I began reading The Paying Guests in a public place, and a friendly stranger asked me about what I was reading.
"Historical fiction," I answered.
"What era?," she persisted.
"Post-World War II," I answered (this is incorrect, it's post-World War I, but I didn't notice this until the date is explicitly mentioned in the text).
"Oh, what a lovely period! I like books set during or around World War II. Is it a mystery? A romance?"
Here, I began to get even more uncomfortable than I already was. I wasn't that far in, but knowing who the author was, and being able to see the way the wind was blowing, so to speak, I could tell that it was shaping up to be at least partly based around a lesbian romance. Was that the sort of information I should disclose? I didn't know. I answered ambiguously that I wasn't that far in yet.
I don't know, what should I have said? A Google search of the title would probably have come up with that information. If it was a straight romance, I probably just would have said yes...or possibly have given the same "not that far in yet" answer, minus the extra discomfort.
As it turns out, there's elements of both romance and mystery, yet I'm sure this book would fall into the "literary" category.
I picked this up at the library less because of the book than because of the author. Sarah Waters is both a well-known LGBT and literary writer, and I've been meaning to read something of hers for years. The Paying Guests has a characteristic LGBT romance and distinctly period, at times Gothic, feel. Waters is a genius with atmosphere and language. I'm not sure if I've ever read another author who manages to use "plashing" unpretentiously.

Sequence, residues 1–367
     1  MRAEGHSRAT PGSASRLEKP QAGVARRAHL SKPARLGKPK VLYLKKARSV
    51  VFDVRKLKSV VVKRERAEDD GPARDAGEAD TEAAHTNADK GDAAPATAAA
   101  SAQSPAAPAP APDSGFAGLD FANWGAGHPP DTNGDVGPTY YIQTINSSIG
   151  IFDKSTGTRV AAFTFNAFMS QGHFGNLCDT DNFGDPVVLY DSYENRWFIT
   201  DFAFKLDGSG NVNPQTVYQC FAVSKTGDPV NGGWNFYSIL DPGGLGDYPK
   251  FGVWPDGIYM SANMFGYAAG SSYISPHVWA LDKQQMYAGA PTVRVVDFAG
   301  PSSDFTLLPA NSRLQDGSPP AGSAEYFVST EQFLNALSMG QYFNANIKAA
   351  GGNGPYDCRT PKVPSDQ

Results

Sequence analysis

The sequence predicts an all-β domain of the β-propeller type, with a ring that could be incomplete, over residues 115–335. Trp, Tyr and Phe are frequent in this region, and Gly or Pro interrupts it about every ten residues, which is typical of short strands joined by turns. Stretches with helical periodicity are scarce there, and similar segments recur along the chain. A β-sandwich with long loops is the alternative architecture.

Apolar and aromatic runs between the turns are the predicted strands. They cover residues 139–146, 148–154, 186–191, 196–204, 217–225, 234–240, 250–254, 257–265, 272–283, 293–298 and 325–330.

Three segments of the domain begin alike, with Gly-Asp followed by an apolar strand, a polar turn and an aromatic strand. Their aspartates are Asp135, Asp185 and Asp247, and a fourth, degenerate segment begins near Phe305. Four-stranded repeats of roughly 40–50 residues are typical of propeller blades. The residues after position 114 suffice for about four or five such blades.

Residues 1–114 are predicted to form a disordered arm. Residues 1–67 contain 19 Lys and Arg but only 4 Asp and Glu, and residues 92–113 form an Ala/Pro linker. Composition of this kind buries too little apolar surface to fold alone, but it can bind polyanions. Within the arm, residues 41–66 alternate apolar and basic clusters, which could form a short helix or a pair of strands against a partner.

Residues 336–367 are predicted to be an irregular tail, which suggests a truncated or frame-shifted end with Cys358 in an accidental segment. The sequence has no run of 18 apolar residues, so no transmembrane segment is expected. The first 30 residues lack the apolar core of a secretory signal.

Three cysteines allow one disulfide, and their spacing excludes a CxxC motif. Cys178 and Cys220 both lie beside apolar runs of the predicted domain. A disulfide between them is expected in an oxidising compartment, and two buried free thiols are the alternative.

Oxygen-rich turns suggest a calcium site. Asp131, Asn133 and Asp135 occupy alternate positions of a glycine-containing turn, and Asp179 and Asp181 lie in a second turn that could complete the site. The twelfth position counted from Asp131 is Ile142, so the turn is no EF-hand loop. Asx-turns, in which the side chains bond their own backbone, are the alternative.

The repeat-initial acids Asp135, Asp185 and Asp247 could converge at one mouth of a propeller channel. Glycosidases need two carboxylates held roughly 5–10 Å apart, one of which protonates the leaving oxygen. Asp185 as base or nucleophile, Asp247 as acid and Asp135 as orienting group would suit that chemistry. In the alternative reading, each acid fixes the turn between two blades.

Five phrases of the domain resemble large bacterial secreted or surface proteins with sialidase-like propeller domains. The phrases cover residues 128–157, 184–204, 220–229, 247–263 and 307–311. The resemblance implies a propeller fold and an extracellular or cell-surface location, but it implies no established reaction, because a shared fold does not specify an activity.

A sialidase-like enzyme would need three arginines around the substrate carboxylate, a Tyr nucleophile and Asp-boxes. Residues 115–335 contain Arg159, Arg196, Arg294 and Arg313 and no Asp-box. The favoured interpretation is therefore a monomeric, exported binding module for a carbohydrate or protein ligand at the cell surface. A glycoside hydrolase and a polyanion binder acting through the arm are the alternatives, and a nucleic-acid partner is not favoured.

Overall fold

The novel opens as Frances and her mother wait for their new boarders, the "paying guests" to arrive. Despite their various "economies," they can no longer afford their bills without help. Though Frances' is the primary perspective, each character has a rich interiority that shapes the largely psychological drama.The reader learns early on that "old maid" (at twenty-six!) Frances is more than she seems, and as her shocking past is gradually revealed, the inevitable doom of the present becomes apparent.
An early moment in the lodgers' sojourn at the house:
But this, she thought...this was what it really meant to have lodgers: this odd, unintimate proximity, this rather peeled-back moment, where the only thing between herself and a naked Mrs. Barber was a few feet of kitchen and a thin scullery door. An image sprang into her head: that round flesh, crimsoning in the heat.
She adjusted her pose on the mat, took hold of her cloth, and rubbed hard at the floor. (p. 28)
Recommended to fans of period dramas and realistic depictions of historical lesbian romance.